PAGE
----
Saturday, November 26, 2011

What's Important?

This venture, considering alternatives for the future, is taking me down some interesting pathways. I am, as I initially intended, revisiting old journals to see what I may have forgotten, what original dreams I have given up on, what themes or patterns of thinking could open up new possibilities.

But I am also journaling now in some ways I haven't before, an alternative in itself.  This new "special journal", for example, simply asking myself at the end of the day, "What's the most important thing that happened today?" Heaven knows, I've filled pages on what I haven't liked about a day. But what's important? And why it's important?

Some days nothing seems to have been important. Some days, two or three things seem to be and deciding which is most important proves to be the most valuable aspect of this little exercise. Case in point...our tradition of listing, on Thanksgiving Day, what we are grateful for over the past year. Taking turns, usually while we are driving somewhere. Started on a whim. A ten year tradition now.

Reflected that night - was it important that we continued the tradition? Or that the list was so long? Or that we agreed so often? Or that he seemed to enjoy doing so - in the past, I think he just humored me. Ultimately, I decided that what is most important to me is that I have a partner who is willing to create tradition with me and still healthy enough to do so. Talk about grateful! 

Don't know yet if I'll continue this practice, or whether it will lead me in new directions, but for now it seems - well, important.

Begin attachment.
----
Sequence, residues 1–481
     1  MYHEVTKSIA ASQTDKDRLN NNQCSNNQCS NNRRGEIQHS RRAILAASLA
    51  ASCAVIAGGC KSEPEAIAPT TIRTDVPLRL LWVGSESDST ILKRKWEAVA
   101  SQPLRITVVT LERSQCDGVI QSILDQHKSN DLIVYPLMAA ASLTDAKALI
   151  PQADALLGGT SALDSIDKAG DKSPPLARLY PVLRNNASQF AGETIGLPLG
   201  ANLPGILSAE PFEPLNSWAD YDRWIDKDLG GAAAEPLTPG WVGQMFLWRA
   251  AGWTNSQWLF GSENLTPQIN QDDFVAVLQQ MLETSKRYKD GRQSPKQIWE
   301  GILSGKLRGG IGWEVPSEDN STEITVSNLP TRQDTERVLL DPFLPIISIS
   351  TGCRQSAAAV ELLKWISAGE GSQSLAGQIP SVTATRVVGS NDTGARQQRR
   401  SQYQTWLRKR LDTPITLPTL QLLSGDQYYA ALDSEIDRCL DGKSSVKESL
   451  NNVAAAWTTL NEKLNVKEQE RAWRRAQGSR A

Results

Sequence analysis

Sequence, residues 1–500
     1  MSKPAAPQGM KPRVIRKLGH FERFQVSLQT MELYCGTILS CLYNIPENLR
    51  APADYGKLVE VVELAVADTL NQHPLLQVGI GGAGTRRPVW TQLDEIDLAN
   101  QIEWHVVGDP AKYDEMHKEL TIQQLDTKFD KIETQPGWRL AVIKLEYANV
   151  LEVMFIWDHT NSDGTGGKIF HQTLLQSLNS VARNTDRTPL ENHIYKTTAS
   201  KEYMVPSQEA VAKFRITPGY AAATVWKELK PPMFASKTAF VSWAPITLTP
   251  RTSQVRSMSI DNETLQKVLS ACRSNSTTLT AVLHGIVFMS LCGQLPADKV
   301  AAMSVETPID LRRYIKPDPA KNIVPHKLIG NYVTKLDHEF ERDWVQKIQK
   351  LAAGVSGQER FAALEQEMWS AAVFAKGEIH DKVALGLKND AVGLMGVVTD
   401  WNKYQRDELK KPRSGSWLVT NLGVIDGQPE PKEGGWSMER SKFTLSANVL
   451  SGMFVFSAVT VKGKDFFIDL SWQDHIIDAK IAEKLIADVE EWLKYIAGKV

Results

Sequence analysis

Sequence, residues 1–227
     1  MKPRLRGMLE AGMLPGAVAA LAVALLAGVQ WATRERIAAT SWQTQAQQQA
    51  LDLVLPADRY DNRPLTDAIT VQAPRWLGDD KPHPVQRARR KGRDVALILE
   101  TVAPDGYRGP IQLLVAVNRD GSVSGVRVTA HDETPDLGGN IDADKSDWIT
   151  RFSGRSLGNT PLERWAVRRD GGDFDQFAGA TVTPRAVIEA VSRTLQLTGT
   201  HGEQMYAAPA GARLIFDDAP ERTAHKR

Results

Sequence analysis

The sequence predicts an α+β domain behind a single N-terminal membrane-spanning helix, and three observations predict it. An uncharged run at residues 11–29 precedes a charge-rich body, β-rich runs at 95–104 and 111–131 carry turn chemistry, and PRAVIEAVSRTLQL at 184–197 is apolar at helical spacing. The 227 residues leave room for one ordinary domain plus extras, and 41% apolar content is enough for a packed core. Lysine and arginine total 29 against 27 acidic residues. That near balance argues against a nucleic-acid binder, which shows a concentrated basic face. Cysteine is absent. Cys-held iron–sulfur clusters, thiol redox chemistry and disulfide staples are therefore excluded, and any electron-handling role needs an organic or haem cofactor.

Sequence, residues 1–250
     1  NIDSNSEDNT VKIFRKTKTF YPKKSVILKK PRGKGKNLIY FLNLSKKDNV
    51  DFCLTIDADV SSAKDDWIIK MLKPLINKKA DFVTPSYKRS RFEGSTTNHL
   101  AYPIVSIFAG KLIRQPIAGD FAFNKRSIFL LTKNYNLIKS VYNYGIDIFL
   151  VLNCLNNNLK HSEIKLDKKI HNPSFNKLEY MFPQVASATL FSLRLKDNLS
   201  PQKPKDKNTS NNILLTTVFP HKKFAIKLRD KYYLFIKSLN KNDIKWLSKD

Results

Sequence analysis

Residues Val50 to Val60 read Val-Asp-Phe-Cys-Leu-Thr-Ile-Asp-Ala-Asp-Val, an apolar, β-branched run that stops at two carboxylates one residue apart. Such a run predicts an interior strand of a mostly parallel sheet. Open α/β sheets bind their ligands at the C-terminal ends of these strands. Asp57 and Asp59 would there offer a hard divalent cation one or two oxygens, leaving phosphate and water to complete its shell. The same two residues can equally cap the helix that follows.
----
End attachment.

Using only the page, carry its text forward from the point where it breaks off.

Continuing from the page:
Monday, November 14, 2011

So Many Books, So Little Time

Recently, I came across one of my "special" journals, a journal devoted to one topic. Like the one I kept after my divorce when I was so angry with virtually every man I had ever known.  Got to find that and burn it!

This volume contains brief reviews of the books I read one year. Mostly was a stressful year and mysteries have always offered a respite from the stresses of life. Somewhere there's a journal with reviews of Steinbeck, Maughm, and Hemingway. I also tend to read by author.

Rereading these reviews has brought back some pleasant memories. But more important, I can see how much my tastes have changed and grown. Mysteries still beckon me - Donna Leon, Louise Penny, Andrea Camillieri read this past summer. On my Kindle, however, Wendell Berry, a book of essays, a National Book Award winner, and on my bedstand, David McCullough and a book of haiku.  Not bad for someone who didn't read a novel until high school.

Haven't kept up recording book reviews.  Maybe if I did, I wouldn't be finding duplicates.

Looking forward to finding other special journals, particularly my old gratitude journals, to seeing if there are patterns, threads that run through the fabric of my life.  Seeing if something I wrote years ago may still be on a list recently
compiled. Because this is a practice I have maintained, every night now for over 30 years.

As I'm typing this in the evening, seems appropriate to end with today's gratitude list...on this day I am grateful for -